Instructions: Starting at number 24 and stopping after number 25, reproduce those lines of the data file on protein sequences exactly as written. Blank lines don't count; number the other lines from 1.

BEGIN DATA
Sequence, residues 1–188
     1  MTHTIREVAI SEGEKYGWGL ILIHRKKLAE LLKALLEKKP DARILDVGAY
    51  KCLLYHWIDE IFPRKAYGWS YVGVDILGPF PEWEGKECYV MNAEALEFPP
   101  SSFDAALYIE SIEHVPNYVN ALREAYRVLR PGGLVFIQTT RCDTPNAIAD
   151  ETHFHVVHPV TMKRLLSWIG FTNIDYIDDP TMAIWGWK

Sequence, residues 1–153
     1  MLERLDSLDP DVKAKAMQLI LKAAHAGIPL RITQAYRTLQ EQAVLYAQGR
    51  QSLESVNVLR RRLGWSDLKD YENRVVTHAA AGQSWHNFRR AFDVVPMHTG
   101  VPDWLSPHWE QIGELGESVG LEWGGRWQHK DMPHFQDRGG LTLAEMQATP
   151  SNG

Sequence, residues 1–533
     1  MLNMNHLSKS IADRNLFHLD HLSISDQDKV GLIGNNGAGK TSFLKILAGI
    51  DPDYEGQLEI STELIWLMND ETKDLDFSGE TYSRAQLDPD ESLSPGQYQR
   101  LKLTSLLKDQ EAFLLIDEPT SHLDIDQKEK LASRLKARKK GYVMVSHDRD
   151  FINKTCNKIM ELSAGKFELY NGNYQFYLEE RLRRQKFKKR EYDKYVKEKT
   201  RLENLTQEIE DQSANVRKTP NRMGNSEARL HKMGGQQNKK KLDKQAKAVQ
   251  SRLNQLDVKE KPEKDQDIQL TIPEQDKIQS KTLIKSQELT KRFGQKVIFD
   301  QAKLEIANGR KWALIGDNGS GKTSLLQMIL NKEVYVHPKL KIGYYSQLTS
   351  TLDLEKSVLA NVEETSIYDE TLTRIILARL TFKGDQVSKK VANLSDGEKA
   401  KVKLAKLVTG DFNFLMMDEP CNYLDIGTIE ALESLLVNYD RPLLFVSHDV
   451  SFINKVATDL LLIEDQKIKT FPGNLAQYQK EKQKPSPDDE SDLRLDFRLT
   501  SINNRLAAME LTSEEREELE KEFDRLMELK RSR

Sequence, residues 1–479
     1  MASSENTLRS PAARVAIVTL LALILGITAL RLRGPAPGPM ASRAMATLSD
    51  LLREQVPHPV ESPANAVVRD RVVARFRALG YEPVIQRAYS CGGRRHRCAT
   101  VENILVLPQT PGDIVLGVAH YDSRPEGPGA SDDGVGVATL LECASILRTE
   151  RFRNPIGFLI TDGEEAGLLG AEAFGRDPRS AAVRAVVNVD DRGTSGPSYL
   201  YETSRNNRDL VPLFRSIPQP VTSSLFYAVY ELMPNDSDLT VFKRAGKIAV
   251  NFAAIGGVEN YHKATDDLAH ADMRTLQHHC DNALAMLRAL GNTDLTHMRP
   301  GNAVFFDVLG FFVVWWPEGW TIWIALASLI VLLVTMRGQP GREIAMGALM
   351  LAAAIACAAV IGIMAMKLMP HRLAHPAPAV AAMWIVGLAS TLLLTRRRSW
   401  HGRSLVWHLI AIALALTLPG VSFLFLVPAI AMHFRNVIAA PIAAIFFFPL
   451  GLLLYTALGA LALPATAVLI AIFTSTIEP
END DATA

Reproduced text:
     1  MASSENTLRS PAARVAIVTL LALILGITAL RLRGPAPGPM ASRAMATLSD
    51  LLREQVPHPV ESPANAVVRD RVVARFRALG YEPVIQRAYS CGGRRHRCAT